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Ana Heva lava tube (Easter Island, Chile): Preliminary characterization of the internal layers of coralloid-type speleothems - Volume 21 Issue S6 - A.Z. Miller, M.F.C Pereira, J.M. Calaforra, P. Forti, A. Dionísio, C. Saiz-Jimenez
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In Snežna Jama cave, Slovenia, extensive speleothems composed of dolomite, aragonite and hydromagnesite have been found, occurring as 5 cm thick globular crusts coating the host rock. Arborescent aragonite constitutes the skeleton of the crust, whereas dolomite is cementing, coating and replacing the aragonite. The dolomite displays two distinctive fabrics: coarse rounded to spheroidal crystals, frequently showing fibrous radial and concentric patterns, and microcrystalline aggregates. Dissolution of the dolostone host rock has provided Mg, which is the main control on the precipitation of arago-nite, dolomite and hydromagnesite. Dolomite precipitation could be promoted by increased Mg/Ca ratios due to the prior precipitation of calcite and aragonite and by forced degassing due to ventilation caused by the existence of shafts cutting the main cave passage and a former entrance to the cave. However, in many caves such conditions do not lead to the formation of dolomite and so we discuss other mechanisms which might promote dolomite precipitation, like the possible contribution of microbes, or the transformation of precursor phases such as amorphous Ca-Mg carbonates, or hydromagnesite.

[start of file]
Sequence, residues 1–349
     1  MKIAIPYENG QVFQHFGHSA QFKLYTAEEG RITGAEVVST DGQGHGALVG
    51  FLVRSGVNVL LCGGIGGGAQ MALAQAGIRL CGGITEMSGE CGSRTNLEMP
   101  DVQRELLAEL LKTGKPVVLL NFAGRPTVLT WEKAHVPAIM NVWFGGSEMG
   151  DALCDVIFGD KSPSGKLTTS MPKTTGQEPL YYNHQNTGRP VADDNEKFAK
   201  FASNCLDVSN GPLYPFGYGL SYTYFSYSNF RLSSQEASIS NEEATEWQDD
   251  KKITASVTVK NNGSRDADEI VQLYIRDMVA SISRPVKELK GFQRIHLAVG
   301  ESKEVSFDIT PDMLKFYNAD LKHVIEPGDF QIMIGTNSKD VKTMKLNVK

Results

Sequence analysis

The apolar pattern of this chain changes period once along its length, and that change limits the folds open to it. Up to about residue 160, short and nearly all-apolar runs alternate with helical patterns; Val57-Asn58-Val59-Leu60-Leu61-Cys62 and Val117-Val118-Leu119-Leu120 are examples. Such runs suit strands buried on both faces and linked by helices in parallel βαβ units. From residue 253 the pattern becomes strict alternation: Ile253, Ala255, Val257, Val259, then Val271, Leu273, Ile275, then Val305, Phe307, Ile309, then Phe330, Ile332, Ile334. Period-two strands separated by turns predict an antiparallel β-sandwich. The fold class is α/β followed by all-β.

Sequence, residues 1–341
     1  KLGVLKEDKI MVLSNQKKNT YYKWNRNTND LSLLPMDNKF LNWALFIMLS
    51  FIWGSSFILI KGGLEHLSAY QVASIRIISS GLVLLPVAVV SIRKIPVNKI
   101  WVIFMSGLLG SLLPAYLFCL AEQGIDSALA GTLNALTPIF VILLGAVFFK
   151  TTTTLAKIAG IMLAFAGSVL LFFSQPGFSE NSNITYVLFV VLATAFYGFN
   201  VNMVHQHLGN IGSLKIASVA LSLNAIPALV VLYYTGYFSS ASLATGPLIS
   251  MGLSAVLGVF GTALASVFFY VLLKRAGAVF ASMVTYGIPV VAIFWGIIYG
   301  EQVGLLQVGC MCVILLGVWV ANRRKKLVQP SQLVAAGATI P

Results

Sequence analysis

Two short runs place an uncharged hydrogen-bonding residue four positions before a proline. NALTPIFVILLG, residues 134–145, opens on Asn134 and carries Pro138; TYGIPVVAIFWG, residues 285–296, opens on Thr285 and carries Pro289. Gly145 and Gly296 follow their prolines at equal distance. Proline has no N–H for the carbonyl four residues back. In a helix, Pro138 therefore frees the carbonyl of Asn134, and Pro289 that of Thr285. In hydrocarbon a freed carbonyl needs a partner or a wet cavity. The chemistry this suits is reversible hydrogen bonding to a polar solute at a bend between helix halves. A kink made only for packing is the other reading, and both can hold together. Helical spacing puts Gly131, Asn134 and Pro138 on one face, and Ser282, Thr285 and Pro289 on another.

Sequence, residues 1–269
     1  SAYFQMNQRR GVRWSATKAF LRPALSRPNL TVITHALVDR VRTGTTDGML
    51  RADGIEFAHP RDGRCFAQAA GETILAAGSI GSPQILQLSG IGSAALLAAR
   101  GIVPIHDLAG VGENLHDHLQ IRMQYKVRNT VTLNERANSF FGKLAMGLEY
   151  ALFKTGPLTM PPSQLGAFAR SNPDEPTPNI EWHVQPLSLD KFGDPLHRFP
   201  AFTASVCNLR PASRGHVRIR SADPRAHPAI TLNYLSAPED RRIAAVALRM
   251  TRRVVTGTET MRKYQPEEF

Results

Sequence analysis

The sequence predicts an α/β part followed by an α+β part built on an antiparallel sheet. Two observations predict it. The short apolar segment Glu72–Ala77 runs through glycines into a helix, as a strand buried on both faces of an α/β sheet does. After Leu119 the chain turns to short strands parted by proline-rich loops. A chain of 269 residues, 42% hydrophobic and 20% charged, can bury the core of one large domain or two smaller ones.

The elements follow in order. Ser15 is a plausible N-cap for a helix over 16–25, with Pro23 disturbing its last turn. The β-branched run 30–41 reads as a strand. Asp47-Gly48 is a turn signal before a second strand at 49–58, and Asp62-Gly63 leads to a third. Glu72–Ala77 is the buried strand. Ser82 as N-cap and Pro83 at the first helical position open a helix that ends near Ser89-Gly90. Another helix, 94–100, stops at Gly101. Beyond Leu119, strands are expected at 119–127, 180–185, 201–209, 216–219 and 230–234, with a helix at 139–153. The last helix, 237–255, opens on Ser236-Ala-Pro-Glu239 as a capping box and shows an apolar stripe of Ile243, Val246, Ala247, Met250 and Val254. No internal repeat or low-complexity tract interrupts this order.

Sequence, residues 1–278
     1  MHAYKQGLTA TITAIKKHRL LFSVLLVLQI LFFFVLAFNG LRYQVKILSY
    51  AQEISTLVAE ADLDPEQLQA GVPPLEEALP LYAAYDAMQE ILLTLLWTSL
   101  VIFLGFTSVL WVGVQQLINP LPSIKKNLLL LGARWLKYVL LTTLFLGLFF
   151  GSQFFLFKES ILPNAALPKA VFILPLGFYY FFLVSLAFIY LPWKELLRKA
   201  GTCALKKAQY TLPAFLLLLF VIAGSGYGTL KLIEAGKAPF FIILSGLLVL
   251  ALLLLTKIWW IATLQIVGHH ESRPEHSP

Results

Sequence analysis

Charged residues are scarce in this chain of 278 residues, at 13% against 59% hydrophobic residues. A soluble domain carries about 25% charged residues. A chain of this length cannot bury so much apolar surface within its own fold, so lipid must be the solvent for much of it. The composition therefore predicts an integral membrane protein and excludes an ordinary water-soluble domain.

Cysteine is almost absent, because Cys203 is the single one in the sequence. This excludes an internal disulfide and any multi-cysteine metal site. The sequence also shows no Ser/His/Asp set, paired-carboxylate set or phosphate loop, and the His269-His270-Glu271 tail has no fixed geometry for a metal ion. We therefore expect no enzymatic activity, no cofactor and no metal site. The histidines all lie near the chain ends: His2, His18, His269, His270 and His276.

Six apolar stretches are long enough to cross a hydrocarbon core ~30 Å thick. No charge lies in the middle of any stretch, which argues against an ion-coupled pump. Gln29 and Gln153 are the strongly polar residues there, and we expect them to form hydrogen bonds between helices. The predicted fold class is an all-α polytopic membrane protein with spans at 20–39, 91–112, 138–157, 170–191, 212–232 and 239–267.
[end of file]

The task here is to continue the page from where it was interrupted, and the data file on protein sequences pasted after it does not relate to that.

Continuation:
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Condensation in karst occurs over a wide range of natural settings, at latitudes from 25° to 70° and altitudes from sea level to 2600 m. In summer (April through September), condensation introduces a significant amount of water into the karst massifs (from 0.1% to as much as 20% of the total dry-season runoff). Contrary to common belief, in winter evaporation does not withdraw appreciable amounts of water from the massifs. Evaporating at depth, the water condenses near the surface within the epikarstic zone or on the snow cover and flows back. Condensation can sustain springs during prolonged dry periods (such as summer and winter) when there is no recharge by liquid precipitation. Condensation can play a significant role in speleogenesis, and many forms of cave macro-, meso-, and micromorphologies are attributable to condensation corrosion. It can be particularly efficient in the latter stages of hydrothermal cave development (during partial dewatering) when the temperature and the humidity gradients are highest. Coupled with evaporation, air convection, and aerosol mass transfer, condensation can play a crucial role in the formation of a number of speleothems, as well as create peculiar patterns of cave microclimate.